Saturday, July 14, 2012

Class-Action Lawsuits

A report in the July 11, 2012 National Post (Lawyers get best seats in Ticketmaster class-action) gives the impression that lawyers in class-action suits operate out of altruism. Yes, the plaintiffs pay no legal fees. Yes, the action may fail and the lawyers assessed costs which they will pass onto their clients. The report does not mention that lawyers may insure against such loss.

If it's all that risky, why do lawyers swarm all over accident and disaster sites, nudging each other to instigate lawsuits and sign up plaintiffs? The pot of gold at the end of the class-action rainbow is a big one.

Another report tells us that the Merchant Law Group of Regina, Saskatchewan, reaped $25-million from the $1.9-billion Indian Residential Schools settlement. In unusual candour, lawyer Tony Merchant said, "I hate to lead myself into doing things that aren't profitable, and I hope to be pleasantly surprised [by his latest class-action suit]. I'd be shocked if this turns into anything but profitable."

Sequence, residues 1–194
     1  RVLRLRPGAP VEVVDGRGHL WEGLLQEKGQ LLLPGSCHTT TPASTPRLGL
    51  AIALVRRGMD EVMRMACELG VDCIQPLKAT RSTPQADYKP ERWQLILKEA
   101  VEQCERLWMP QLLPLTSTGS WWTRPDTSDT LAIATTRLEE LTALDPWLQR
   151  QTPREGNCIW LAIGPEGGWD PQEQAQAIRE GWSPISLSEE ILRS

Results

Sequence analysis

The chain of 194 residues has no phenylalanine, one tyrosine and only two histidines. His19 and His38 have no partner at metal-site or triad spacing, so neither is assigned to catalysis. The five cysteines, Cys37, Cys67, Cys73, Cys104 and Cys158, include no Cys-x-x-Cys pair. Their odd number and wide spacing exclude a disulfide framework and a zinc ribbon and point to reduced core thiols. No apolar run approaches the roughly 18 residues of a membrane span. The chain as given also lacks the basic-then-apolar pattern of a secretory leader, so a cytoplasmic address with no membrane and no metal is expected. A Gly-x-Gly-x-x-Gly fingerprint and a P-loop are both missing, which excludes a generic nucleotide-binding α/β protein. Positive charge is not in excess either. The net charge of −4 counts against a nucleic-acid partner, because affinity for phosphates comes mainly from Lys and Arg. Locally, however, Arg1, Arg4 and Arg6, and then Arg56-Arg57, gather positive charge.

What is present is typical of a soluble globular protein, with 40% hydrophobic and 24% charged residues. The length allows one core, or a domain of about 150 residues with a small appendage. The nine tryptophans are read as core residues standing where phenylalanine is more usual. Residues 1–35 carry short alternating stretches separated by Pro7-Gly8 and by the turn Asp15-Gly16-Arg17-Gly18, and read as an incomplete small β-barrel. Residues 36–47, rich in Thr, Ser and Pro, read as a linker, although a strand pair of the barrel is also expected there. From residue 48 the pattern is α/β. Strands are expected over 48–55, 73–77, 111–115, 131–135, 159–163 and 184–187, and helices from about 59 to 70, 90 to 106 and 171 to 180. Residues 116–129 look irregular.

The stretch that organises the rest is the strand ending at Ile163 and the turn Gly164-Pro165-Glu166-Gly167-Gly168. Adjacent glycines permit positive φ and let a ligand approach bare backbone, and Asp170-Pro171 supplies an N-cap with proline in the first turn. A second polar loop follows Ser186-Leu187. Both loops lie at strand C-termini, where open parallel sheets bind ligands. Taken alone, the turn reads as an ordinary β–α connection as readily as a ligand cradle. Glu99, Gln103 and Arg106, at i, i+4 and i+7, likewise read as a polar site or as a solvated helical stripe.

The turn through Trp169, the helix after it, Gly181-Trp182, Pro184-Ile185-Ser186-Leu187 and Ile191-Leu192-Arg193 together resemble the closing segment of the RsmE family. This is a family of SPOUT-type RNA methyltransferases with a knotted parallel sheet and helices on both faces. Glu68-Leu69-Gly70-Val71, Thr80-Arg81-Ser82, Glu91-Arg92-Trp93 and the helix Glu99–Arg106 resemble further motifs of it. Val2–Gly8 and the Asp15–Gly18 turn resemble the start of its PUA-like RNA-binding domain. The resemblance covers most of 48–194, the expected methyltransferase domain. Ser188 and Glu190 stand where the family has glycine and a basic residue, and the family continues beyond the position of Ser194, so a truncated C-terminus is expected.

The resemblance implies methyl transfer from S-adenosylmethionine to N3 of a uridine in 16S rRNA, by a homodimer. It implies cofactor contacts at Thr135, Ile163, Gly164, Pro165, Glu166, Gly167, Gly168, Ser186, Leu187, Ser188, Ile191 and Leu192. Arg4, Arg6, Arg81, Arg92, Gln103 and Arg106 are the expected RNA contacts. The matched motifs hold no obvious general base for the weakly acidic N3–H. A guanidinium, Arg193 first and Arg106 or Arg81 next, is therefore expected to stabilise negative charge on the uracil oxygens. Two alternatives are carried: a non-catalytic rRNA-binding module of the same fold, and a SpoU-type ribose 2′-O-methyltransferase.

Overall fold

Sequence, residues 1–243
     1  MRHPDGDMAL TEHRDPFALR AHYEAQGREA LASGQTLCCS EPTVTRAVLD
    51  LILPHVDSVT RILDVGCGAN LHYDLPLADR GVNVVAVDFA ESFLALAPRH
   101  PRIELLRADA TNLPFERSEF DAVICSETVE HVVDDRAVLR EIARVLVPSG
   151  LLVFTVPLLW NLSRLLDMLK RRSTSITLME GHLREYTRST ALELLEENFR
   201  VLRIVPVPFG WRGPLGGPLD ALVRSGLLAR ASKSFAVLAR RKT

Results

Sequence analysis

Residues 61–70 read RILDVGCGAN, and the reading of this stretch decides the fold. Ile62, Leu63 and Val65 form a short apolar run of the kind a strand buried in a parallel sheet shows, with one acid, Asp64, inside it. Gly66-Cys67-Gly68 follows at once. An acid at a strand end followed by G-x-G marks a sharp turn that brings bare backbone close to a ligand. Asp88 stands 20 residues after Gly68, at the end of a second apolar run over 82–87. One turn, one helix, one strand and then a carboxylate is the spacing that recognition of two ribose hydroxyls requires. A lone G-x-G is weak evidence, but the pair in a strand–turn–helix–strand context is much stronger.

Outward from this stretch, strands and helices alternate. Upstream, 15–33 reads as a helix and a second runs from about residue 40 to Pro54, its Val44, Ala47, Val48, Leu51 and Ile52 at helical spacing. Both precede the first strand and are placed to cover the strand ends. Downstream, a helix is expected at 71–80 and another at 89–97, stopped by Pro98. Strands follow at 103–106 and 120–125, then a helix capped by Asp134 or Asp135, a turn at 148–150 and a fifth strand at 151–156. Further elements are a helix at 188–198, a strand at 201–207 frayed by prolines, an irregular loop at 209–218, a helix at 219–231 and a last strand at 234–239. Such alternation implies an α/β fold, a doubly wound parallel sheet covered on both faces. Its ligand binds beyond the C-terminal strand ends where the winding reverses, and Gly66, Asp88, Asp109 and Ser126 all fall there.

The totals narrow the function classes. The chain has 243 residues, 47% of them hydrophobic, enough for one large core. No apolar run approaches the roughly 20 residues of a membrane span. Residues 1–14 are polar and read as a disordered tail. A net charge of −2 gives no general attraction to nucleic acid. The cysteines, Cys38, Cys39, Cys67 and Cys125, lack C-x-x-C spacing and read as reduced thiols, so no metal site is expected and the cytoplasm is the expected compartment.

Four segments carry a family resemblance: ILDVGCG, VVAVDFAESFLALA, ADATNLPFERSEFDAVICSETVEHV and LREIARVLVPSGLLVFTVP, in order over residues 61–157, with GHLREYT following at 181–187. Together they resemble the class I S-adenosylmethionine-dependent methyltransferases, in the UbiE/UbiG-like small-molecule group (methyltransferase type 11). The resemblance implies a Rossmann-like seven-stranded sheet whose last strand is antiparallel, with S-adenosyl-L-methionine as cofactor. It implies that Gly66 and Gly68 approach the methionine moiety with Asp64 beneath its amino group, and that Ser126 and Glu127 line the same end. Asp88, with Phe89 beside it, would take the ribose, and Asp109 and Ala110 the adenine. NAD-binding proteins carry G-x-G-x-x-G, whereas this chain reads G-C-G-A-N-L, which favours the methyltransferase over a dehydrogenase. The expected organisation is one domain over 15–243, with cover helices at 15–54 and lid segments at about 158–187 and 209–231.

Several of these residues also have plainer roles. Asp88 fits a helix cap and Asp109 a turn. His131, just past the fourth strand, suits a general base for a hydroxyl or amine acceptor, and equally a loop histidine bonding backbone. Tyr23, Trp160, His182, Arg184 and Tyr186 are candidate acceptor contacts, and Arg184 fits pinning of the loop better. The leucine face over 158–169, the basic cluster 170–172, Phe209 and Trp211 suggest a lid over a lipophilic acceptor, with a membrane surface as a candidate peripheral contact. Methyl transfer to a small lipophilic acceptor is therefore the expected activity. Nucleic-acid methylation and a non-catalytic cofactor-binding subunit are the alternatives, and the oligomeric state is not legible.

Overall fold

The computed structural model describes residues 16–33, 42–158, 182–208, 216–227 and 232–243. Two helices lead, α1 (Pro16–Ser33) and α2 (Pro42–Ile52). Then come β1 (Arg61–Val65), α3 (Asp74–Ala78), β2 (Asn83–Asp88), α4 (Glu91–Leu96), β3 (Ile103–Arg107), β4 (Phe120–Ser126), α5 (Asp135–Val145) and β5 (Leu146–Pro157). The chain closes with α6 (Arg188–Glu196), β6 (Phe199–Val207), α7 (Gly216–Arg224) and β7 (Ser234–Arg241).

(In April 2013, it seems Tony Merchant has $1.7-million in a secret account in in the South Pacific Cook Islands. This, according to the Washington-based International Consortium of Investigative Journalists, which also claims that Merchant has money in Bermuda with which he bought mutual funds in the tax haven of Luxembourg. The investigation continues.)

In the lawsuits following the 2010 G20 meeting in Toronto, shameless, publicity-seeking lawyers make sure the media are there when they present their claim at police headquarters, dragging their clients along to add to the spectacle. It is unnecessary for clients to be present on such occasions.

In another widely reported case, the plaintiff had no intention of a law suit until convinced otherwise by lawyers trolling the Internet for business. The public calls this fee-sniffing, ambulance chasing, and other less charitable terms. The Law Society of Upper Canada, the lawyers trade association in Ontario, approves of such behaviour. Inciting legal action was once considered unethical, if not illegal. How the winds of profit have changed.

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